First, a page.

• Easily view video content from the tastytrade network on the go

Cons

  • Graphs and charts may display on the smaller side

  • The workflow is inherited from the desktop, so you need to learn that first

Final Verdict

There has never been a better time to be an options trader. The number of niche brokers in the options trading space has increased along with the number of brokers offering commission free trading. Depending on your specific tastes, you can find a number of robust options trading platforms with built-in tools and capabilities to accelerate your trading significantly. Tastyworks, in particular, stood out again for its single focus on delivering the best possible options trading experience. That said, WeBull will catch the attention of cost-conscious traders due to its decent tool set and no-cost approach. Finally, we have E*TRADE, which is a good place for traders to start on the path to options trading, with plenty of room for growing into the advanced capabilities contained within the Power E*TRADE platform. Options traders have waited a long time to have such a buffet of choices when it comes to choosing a trading platform.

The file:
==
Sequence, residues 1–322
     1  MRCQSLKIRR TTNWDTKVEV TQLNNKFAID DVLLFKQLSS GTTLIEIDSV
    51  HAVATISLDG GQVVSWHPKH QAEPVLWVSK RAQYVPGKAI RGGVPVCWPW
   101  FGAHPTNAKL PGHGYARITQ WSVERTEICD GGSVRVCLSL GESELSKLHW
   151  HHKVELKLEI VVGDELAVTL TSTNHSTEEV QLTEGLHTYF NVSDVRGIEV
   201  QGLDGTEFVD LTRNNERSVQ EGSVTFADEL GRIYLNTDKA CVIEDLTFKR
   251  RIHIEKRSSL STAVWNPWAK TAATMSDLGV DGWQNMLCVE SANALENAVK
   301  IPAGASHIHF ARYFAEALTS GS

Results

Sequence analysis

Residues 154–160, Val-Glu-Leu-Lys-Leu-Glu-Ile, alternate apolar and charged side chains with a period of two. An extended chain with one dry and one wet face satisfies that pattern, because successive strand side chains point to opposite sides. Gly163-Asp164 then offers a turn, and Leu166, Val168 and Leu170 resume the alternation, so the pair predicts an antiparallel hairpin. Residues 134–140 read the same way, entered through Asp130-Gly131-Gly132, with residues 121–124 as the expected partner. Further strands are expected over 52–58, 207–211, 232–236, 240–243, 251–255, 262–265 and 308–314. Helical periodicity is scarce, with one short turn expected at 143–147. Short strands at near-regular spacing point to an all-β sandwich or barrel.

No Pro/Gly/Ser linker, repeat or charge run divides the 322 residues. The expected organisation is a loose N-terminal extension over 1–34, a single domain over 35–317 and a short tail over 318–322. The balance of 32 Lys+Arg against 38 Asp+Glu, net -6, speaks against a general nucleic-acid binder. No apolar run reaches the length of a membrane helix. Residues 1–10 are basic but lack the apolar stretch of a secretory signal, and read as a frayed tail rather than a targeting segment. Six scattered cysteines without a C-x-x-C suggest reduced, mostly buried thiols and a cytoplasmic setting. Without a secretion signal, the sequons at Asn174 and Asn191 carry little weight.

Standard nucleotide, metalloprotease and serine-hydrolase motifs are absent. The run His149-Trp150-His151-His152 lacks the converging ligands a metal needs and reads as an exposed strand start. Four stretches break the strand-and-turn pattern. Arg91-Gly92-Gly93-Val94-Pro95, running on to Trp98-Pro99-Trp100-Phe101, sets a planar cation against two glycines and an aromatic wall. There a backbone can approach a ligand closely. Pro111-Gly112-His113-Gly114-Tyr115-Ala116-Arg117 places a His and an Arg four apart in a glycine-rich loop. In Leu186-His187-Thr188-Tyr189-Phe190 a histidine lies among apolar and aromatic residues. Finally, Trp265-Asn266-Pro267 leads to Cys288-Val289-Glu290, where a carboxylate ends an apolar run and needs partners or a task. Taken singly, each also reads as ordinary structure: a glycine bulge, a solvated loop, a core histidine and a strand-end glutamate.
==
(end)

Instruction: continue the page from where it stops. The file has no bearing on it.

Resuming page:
What Are Options?

An options contract gives the holder the right—but not the obligation—to buy or sell the underlying asset at a set price on or before a certain date. There are two primary types of options: A call option gives you the right to buy a stock, while a put option gives you the right to sell a stock. The strike price (aka exercise price) is the price at which you buy or sell the stock should you opt to exercise the option. The expiration date is when the options contract expires and becomes worthless. Because options derive their value from underlying assets, they belong to the group of securities known as derivatives.